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The Battle of Fort Pillow
(April 12, 1864)

        In April 1864, the Union garrison at Fort Pillow, a Confederate-built earthen fortification and a Union-built inner redoubt, overlooking the Mississippi River about forty river miles above Memphis, comprised 295 white Tennessee troops and 262 U.S. Colored Troops, all under the command of Maj. Lionel F. Booth. Confederate Maj. Gen. Nathan Bedford Forrest attacked the fort on April 12 with a cavalry division of approximately 2,500 men. Forrest seized the older outworks, with high knolls commanding the Union position, to surround Booth's force. Rugged terrain prevented the gunboat New Era from providing effective fire support for the Federals. The garrison was unable to depress its artillery enough to cover the approaches to the fort. To make matters worse, Rebel sharpshooters, on the surrounding knolls, began wounding and killing the Federals, including Booth, who was killed. Maj. William F. Bradford then took over command of the garrison. The Confederates launched a determined attack at 11:00 am, occupying more strategic locations around the fort, and Forrest demanded unconditional surrender. Bradford asked for an hour for consultation and Forrest granted twenty minutes. Bradford refused surrender and the Confederates renewed the attack, soon overran the fort, and drove the Federals down the river's bluff into a deadly crossfire. Casualties were high and only sixty-two of the U.S. Colored Troops survived the fight. Many accused the Confederates of perpetrating a massacre of the black troops, and that controversy continues today. The Confederates evacuated Fort Pillow that evening so they gained little from the attack except to temporarily disrupt Union operations. The Fort Pillow Massacre became a Union rallying cry and cemented resolve to see the war through to its conclusion.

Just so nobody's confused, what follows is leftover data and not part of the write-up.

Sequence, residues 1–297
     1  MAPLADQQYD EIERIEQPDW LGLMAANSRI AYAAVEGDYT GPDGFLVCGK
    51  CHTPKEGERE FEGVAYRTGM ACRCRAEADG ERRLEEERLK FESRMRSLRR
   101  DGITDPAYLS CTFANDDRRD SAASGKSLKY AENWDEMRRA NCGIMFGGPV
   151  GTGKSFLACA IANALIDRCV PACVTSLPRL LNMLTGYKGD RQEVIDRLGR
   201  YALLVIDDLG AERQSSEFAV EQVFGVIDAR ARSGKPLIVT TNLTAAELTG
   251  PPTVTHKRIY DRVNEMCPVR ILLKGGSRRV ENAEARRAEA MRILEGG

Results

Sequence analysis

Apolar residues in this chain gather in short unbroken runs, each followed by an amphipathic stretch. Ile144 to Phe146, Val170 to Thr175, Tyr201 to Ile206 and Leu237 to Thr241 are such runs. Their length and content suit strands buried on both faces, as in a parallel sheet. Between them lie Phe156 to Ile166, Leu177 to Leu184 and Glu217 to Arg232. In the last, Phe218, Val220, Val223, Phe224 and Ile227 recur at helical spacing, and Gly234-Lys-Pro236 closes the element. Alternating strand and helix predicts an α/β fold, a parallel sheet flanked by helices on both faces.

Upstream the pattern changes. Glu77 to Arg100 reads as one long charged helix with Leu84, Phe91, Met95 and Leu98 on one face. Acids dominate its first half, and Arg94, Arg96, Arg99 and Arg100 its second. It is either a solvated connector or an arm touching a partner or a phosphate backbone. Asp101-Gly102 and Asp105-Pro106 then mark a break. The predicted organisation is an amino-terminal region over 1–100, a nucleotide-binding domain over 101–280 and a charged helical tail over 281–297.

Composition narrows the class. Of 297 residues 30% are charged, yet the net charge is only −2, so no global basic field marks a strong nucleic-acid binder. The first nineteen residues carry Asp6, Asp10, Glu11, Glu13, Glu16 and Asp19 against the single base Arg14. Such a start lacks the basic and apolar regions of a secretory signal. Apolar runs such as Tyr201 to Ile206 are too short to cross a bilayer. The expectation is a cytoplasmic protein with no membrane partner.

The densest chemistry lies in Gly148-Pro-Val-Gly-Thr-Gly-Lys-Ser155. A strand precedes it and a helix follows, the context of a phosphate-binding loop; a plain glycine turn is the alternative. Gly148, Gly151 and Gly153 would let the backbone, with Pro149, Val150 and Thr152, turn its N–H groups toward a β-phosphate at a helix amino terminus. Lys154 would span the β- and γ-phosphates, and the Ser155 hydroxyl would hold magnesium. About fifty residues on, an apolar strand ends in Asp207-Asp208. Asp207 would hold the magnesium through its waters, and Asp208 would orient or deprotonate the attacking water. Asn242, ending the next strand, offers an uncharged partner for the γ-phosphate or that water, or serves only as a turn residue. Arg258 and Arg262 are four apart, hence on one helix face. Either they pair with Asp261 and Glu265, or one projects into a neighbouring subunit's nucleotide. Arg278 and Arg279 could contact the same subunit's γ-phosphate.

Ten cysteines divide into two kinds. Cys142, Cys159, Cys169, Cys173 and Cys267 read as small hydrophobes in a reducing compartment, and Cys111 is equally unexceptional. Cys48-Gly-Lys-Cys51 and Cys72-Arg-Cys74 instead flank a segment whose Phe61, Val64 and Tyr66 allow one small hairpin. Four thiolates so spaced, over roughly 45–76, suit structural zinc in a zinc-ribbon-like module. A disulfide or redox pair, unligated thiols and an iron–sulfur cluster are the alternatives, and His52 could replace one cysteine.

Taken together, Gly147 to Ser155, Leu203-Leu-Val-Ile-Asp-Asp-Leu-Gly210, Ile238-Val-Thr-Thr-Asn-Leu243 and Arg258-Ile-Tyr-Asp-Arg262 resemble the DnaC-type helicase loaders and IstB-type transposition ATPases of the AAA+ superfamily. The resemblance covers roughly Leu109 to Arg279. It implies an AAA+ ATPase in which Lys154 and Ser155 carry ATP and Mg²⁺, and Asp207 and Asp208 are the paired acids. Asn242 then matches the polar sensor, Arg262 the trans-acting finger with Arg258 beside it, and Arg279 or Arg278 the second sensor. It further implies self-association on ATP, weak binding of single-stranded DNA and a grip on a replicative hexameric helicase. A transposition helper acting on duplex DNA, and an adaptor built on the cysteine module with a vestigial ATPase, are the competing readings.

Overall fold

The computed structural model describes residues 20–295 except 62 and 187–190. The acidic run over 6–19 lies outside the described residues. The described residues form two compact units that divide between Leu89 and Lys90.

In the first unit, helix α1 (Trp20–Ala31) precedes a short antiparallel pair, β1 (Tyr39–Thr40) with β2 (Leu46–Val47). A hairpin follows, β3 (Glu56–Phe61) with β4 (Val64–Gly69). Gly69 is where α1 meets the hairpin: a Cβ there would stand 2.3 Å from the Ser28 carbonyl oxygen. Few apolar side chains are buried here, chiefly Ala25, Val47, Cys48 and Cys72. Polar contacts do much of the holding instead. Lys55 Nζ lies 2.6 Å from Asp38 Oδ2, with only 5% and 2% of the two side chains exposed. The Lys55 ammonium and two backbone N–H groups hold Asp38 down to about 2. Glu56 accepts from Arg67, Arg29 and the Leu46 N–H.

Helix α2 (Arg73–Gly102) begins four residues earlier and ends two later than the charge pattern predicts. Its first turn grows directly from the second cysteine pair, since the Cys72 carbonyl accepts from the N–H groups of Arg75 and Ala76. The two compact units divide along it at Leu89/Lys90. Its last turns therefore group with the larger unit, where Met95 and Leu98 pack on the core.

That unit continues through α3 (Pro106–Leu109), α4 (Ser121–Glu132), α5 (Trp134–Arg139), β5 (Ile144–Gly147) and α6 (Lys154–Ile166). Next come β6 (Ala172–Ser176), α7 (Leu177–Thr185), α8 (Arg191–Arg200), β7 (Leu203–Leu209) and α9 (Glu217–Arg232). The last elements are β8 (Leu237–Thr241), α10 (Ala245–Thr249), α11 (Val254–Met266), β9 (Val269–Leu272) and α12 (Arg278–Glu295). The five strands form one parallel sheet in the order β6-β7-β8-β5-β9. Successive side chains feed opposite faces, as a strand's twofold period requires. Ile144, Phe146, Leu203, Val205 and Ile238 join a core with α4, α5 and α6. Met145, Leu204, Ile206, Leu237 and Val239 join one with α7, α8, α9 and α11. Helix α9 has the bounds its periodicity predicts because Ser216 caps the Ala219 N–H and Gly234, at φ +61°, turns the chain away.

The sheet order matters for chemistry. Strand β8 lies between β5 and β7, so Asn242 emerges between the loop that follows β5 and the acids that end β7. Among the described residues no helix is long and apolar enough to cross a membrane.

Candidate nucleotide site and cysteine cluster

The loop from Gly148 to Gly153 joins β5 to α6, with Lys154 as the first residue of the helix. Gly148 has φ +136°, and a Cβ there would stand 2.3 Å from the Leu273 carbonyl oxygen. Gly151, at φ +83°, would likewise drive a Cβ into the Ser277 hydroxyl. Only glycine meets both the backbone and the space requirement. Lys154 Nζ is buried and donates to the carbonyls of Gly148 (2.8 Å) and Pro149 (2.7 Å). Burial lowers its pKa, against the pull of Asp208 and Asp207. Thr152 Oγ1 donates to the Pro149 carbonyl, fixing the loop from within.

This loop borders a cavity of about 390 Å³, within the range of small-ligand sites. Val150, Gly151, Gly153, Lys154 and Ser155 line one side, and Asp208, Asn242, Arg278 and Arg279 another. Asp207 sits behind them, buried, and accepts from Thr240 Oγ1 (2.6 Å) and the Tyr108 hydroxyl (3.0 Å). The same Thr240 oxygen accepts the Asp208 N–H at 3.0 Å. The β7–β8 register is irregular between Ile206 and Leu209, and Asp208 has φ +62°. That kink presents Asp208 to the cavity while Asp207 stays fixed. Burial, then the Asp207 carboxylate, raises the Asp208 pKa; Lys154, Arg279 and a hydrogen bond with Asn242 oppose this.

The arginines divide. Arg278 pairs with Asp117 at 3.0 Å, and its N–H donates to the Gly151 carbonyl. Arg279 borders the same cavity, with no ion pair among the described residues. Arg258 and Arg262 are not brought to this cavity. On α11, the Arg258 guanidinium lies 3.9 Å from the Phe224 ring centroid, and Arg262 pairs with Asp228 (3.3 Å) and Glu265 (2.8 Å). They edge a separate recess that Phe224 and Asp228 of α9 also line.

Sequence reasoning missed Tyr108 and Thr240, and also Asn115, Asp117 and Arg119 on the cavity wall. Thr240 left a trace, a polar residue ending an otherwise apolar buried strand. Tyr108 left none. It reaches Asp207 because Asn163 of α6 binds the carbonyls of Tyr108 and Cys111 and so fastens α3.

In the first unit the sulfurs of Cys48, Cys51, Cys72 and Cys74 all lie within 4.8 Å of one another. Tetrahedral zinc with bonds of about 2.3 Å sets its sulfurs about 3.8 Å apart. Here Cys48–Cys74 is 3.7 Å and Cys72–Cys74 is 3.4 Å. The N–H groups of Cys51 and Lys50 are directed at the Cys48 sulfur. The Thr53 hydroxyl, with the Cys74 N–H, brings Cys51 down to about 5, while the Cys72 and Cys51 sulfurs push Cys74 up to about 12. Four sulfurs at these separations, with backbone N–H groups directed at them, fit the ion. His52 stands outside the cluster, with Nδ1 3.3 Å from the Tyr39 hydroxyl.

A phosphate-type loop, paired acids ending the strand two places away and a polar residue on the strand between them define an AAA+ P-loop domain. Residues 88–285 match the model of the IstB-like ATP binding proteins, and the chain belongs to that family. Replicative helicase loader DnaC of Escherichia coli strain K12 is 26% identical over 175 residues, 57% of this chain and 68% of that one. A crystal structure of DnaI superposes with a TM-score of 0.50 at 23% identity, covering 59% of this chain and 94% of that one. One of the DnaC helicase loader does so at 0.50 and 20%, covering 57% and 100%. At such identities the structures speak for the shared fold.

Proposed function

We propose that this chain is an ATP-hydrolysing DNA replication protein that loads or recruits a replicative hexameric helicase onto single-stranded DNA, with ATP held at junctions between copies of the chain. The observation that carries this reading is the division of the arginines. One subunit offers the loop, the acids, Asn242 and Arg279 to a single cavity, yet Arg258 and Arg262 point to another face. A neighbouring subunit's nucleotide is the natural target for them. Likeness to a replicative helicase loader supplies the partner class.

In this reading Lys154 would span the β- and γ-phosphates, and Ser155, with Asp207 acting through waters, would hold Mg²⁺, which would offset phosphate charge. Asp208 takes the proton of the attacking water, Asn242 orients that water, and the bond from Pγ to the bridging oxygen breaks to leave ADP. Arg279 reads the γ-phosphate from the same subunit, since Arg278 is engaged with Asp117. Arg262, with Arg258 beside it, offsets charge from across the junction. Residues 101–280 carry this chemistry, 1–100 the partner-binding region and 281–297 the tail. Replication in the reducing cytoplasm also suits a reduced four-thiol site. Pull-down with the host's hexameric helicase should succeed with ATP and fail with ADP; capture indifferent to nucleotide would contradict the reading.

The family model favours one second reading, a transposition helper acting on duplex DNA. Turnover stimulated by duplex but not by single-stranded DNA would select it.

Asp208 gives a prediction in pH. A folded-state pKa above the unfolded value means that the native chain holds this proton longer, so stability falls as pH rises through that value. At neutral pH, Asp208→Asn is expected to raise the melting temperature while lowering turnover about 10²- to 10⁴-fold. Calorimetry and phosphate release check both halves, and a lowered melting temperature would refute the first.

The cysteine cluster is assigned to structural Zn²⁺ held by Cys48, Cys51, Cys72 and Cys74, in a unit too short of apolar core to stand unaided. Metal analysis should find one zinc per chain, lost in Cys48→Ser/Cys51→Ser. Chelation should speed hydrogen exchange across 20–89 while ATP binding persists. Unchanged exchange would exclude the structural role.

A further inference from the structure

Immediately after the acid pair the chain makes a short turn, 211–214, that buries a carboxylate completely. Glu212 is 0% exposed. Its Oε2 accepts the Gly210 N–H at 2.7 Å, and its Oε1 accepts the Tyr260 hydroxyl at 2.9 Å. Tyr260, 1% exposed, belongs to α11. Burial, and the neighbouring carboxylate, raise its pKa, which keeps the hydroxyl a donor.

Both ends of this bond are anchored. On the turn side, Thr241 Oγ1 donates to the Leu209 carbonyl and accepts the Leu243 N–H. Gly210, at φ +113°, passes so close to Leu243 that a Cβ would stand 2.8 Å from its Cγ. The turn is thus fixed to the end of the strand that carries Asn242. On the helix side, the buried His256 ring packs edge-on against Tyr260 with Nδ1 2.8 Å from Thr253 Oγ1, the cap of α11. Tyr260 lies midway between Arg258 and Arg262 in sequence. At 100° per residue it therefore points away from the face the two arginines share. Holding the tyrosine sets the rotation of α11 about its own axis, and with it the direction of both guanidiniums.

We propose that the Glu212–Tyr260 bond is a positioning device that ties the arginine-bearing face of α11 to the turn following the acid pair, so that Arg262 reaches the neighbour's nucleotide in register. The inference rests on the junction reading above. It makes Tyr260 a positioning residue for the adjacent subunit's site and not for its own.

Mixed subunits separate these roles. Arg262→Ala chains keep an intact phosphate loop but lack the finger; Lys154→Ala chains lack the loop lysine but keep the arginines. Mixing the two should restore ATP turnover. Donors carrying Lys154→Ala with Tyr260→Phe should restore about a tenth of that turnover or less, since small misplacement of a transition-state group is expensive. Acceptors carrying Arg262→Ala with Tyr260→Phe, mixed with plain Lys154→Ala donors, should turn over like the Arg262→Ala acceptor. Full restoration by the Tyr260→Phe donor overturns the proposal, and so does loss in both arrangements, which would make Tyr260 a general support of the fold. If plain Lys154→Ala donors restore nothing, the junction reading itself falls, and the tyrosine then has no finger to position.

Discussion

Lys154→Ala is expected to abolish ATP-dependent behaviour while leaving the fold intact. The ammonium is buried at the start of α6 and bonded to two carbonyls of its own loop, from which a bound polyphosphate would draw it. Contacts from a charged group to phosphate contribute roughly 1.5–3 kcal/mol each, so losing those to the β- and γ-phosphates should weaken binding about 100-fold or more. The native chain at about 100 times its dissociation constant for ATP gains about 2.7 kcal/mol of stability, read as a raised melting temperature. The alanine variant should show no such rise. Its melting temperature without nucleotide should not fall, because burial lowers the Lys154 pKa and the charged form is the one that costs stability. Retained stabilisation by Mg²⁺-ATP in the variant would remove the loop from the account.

Forrest Of Fort Pillow A great read. Check it out!   Taken from Henry's book "First With the Most"

Official Records

Union Reports
Acting Master William Ferguson, U. S. Navy
Lieut. Col. Thomas H. Harris
Maj. Gen. Stephen A. Hurlbut
Capt. Carl A. Lamberg

Lieut. Mack J. Leaming
Brig. Gen. George F. Shepley
Capt. William T. Smith
Lieuts. Francis A. Smith and William Cleary
Lieut. Daniel Van Horn
Maj. Gen. Cadwallader C. Washburn
Capt. John G. Woodruff

Confederate Reports
Brig. Gen. James R. Chalmers

Maj. Gen. Nathan B. Forrest
Lieut. Gen. Stephen D. Lee


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